23

Every time I log in, I need to go to disks and mount all my partitions manually.

How can I make it automatic?

3
  • /etc/fstab [file system table] is a list file filesystems to mount, either automatically or on command. it'll load hdds, network (nfs, samba & more) & more. add entries to your existing file which will have at least one entry (your / drive to enable boot). have the entries auto mount. you didn't say what disks so I'll not go further . – guiverc Oct 20 '17 at 11:31
  • add the output to your question; it allows formatting (unlike comments). your example is UUID=61bb.. (uuid=[universal] unique id which is created on format for each drive, it gets mounted as /, type is ext4, options are "if errors, remount read-only", freq.count, pass_no. make an entry with new UUID, location to mount drives, type-of-format etc. – guiverc Oct 20 '17 at 11:47
  • follow Orian's answer if you like gui approach ... i'm a command guy so commands are faster & easier for me. man fstab to get help on fstab, though most people probably use a duckduckgo.com (or other) – guiverc Oct 20 '17 at 11:49
44

Use the "Disks" app.

Load the Disks app (In System) and select the disk with the filesystem you want to mount on startup.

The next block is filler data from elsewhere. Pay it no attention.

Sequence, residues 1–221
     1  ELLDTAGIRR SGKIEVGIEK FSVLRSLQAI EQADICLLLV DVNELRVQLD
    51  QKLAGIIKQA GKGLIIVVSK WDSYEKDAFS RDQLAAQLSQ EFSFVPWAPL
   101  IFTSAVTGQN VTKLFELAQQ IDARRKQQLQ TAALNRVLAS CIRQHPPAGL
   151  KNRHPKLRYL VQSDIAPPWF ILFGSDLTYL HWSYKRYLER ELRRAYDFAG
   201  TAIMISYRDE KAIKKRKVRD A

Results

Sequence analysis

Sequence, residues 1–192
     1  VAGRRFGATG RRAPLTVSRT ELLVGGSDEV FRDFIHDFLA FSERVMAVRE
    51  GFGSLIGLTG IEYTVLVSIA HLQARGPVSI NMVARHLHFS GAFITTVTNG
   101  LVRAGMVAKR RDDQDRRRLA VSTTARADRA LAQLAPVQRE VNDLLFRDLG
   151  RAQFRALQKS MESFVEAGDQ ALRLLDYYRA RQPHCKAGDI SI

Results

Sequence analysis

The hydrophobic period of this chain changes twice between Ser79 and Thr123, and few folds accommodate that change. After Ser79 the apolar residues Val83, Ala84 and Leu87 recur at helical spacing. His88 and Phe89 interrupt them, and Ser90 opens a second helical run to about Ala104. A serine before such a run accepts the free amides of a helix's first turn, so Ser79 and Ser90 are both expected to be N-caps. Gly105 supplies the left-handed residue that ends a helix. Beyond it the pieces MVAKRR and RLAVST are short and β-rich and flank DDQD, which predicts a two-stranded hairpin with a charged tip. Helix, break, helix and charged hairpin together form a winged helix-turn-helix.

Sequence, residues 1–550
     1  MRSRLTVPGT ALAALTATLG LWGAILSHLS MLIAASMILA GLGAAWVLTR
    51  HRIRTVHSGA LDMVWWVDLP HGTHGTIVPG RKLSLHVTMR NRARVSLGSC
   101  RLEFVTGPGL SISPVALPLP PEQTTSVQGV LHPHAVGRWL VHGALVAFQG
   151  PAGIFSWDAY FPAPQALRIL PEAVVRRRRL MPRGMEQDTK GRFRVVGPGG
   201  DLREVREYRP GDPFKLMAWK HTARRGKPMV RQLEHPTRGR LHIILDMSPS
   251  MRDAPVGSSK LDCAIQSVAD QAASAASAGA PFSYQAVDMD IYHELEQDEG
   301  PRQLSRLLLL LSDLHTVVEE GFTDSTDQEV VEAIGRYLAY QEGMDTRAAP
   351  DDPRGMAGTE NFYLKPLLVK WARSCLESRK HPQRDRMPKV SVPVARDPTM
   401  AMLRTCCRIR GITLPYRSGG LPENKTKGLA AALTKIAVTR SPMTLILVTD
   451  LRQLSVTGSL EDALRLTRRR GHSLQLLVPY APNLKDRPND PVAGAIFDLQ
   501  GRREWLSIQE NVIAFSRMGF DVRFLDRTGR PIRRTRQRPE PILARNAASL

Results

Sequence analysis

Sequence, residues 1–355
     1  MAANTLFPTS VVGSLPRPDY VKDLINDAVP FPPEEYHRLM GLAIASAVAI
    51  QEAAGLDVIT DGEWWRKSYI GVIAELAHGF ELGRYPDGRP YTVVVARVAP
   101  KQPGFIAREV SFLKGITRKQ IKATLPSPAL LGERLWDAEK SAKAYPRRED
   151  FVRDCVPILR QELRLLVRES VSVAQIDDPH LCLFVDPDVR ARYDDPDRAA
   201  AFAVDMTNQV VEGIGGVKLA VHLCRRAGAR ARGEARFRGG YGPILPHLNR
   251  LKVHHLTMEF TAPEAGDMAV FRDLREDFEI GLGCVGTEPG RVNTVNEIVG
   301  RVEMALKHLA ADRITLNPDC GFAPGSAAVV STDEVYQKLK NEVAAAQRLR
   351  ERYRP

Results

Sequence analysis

Then select the filesystem on that disk and click on the gears (for configuration).

Select "Edit Mount Options" from the popup menu.

On the setup options, click to check the "Mount on Startup" box. (This will add the entry to fstab when you click on "OK").

Reboot, and your filesystem should be available.

I agree with other comments here regarding manually adding lines to fstab via CLI/text editor. If you take the time to look at your fstab file it will help you understand what changes have been made and, ultimately the CLI method will become faster for you.

2
  • 3
    Program real name is gnome-disk-utility . I can't understand, why people identify programs by simple common words (like title name) in Linux/Ubuntu world, where all is configurable and replacable. Not every linux distribution has "Disks" in "Main menu". – user1742529 Dec 13 '18 at 10:01
  • 2
    The comment in question was specific to Ubuntu 17.10 as specified in the original post title; Therefore the common nomenclature of that particular release was utilized. – Orian Jan 25 '19 at 4:48
15

1 - Write down the UUID of the drive that you want to mount by executing the following command:

sudo blkid

2 - Then edit the fstab:

sudo gedit /etc/fstab

3 - Add at the end of the file fstab:

UUID=D638F77338F7514B /media/baraldi/win_www ntfs defaults 0 0

Be sure the UUID matches what you recorded in the first step

4 - Restart

That is all. Good Luck.

1

Not the answer you're looking for? Browse other questions tagged or ask your own question.